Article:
After Silicon Valley Bank failure, fears over this major global bank's collapse
Signs of stability in banking stocks, that have tanked in the past week, following the collapse of Silicon Valley Bank, soon paved way for renewed selling as Credit Suisse shares fell to fresh record lows.
Swiss lender Credit Suisse Group AG's chairman Axel Lehmann said state assistance "isn't a topic" for the bank as it seeks to recover from a string of scandals that have undermined the confidence of investors and clients, Bloomberg reported on Wednesday.
While speaking at the Financial Sector Conference in Saudi Arabia, Lehmann said it would not be accurate to compare Credit Suisse's problems with the recent collapse of Silicon Valley Bank, particularly because the banks are regulated differently, the Bloomberg report added.
Lehmann's comments come as Credit Suisse's largest shareholder, Saudi National Bank said it would not buy more shares in the Swiss bank on regulatory grounds. Credit Suisse Group AG shares plunged and the cost of insuring its bonds against default were near a distressed level after the bank’s biggest shareholder ruled out any additional support.
Credit Suisse shares sank 30%, the biggest one-day selloff on record. One-year credit default swaps were indicated at 835.9 basis points on Tuesday’s close of business. The Euro Stoxx Banks Index declined 7%, reaching the lowest since early January, and BNP Paribas SA sank nearly 10%. European shares were last down almost 2%, European bank stock tumbled 2.5% and U.S. stock futures fell 1%.
Investors rushed back into safe-havens, with two-year German bond yields down 21 basis points at 2.71%.
Also read: HSBC puts £2 billion into SVB UK after buying it for £1, promises 'more cash'
"The Credit Suisse share price is falling and government bonds are rallying on the back of that. Still very much driven by the perceived health of the banking sector, but this time in Europe," said Antoine Bouvet, senior rates strategist at ING.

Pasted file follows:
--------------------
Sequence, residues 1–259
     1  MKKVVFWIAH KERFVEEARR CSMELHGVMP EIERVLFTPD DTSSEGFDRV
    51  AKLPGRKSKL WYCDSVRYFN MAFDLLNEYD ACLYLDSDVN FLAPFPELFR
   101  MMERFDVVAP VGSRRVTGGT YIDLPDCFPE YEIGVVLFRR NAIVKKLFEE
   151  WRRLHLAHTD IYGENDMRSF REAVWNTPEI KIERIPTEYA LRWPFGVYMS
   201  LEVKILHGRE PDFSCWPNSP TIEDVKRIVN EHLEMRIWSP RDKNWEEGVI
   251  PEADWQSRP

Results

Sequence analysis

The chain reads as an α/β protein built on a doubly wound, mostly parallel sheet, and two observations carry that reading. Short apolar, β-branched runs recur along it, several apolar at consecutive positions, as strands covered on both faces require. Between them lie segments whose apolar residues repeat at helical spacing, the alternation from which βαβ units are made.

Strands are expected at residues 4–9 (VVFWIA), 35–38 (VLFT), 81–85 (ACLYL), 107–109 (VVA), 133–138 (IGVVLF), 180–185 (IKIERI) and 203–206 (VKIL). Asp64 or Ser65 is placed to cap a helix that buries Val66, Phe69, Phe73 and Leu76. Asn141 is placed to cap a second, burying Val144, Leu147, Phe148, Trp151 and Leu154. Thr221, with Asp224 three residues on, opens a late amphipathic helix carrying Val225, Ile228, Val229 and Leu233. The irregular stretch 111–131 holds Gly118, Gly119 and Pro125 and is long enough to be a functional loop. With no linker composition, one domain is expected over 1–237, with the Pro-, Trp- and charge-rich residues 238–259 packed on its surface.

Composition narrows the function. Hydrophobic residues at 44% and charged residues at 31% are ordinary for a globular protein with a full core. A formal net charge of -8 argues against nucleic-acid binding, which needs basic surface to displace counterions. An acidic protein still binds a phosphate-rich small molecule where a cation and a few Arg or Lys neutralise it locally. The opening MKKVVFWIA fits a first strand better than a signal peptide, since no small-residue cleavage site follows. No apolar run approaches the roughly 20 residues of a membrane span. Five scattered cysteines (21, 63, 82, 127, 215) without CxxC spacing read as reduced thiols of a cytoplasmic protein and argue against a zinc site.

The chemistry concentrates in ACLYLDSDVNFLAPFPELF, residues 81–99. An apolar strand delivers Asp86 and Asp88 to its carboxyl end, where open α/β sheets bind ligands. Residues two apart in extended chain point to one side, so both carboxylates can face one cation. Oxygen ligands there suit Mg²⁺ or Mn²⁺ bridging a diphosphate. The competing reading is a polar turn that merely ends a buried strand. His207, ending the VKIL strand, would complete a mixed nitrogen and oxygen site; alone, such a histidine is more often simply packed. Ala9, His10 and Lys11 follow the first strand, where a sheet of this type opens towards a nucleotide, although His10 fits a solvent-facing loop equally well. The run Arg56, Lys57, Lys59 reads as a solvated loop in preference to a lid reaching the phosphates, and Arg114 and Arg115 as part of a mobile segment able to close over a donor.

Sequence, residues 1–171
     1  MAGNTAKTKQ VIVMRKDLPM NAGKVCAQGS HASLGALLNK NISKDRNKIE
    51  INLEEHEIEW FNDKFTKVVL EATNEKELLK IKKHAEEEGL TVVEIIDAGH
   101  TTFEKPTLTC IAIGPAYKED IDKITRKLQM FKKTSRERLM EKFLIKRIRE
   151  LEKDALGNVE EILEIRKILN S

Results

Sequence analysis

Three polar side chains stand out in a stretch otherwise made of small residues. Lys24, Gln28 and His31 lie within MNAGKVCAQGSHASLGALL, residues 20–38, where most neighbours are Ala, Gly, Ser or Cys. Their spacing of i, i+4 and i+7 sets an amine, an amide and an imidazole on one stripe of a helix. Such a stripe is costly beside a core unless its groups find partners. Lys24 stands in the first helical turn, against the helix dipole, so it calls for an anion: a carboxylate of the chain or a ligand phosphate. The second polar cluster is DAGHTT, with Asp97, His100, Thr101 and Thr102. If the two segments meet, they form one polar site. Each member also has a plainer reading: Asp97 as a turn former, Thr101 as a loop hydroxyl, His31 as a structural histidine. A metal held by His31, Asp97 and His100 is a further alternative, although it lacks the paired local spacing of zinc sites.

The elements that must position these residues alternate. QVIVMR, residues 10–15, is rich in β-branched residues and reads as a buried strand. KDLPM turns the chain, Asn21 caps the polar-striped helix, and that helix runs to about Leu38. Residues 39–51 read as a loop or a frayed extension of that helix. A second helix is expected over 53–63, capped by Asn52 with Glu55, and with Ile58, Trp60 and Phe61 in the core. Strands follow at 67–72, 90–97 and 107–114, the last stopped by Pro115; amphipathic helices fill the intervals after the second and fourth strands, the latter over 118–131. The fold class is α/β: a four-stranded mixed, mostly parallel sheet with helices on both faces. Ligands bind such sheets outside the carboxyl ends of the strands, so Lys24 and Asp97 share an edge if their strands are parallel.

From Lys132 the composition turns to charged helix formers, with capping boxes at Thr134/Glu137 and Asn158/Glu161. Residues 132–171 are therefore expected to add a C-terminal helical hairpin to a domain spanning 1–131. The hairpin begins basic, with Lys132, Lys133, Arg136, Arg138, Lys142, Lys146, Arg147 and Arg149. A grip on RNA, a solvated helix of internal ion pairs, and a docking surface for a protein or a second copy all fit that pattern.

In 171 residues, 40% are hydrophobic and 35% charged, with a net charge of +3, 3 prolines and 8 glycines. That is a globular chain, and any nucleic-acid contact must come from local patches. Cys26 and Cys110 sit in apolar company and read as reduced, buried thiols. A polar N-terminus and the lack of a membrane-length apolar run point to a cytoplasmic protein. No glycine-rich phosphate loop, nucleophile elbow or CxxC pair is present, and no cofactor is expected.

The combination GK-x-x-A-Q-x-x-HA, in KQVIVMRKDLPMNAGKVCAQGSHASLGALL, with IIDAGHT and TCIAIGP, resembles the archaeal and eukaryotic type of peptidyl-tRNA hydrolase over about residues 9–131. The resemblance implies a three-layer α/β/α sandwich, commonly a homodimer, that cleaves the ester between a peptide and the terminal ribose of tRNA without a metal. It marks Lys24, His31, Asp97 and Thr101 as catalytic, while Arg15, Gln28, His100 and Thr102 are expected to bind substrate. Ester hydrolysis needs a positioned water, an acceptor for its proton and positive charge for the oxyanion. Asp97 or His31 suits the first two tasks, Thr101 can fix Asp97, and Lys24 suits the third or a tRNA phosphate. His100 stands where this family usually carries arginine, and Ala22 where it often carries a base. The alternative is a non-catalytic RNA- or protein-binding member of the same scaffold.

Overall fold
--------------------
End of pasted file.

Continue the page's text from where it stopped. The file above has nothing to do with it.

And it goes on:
The European Central Bank is still leaning towards a half-percentage-point rate hike on Thursday, despite turmoil in the banking sector, given high inflation, a source close to its Governing Council told Reuters.
Asian equities rose, tracking Tuesday's relief rally on Wall Street after U.S. inflation data delivered no nasty surprises, reinforcing hopes the Federal Reserve will go for a smaller rate hike when it meets next week.
MSCI's broadest index of Asia-Pacific shares outside Japan rose 0.9%, having slid 1.7% on Tuesday. Japan's Nikkei index was flat while an index of Japanese banks, which has slid 8% this week, jumped over 3%.
Also read: Rupee declines; Asian markets sink after Silicon Valley Bank collapse
But U.S. equity futures fell sharply as European banking stocks tumbled in an ominous sign for the Wall Street open.
Bruised U.S. bank stocks regained some ground on Tuesday aided by news that private equity and buyout giants were looking to scoop up some of SVB's assets. That left investors hopeful that efforts to shore up confidence would avert a wider financial crisis.
BACK TO CENTRAL BANKS
Data on Tuesday showed U.S. consumer prices rose 0.4%, with a year-on-year gain of 6% - in line with analyst expectations. There had been worries that stronger-than-expected data might lead the Fed to go for jumbo-sized hikes to battle inflation.
As recently as last week, markets were braced for the return of large Fed interest rate rises but the swift collapse of SVB has changed those expectations, with markets pricing in an 80% chance of a 25 basis point hike next week.
Also helping boost sentiment was data showing China's economic activity picked up in the first two months of the year, driven by consumption and infrastructure investment, and signs the beleaguered property sector is starting to recover.
In Europe, where markets had also rapidly dialled back ECB rate-hike bets at the start of the week, traders were betting again on a big increase in euro zone borrowing costs on Thursday.
According to a Reuters report, a source close to the ECB Governing Council said the central bank was unlikely to ditch plans for a big rate move this week because that would damage its credibility.
"The ECB is behind (the U.S. Federal Reserve) in terms of a tightening cycle and has a lot to do," said Jorge Garayo, senior rates and inflation strategist at Societe Generale.
"Core inflation," he added, "is still at very, very elevated levels. So we will be very surprised to not see 50 basis points delivered by the ECB."
In currency markets, the dollar index, which measures the U.S. currency against six rivals, was up slightly at 104.01, with the euro down 0.5% at $1.0680.
Oil prices trimmed strong gains and were last up just 0.2%.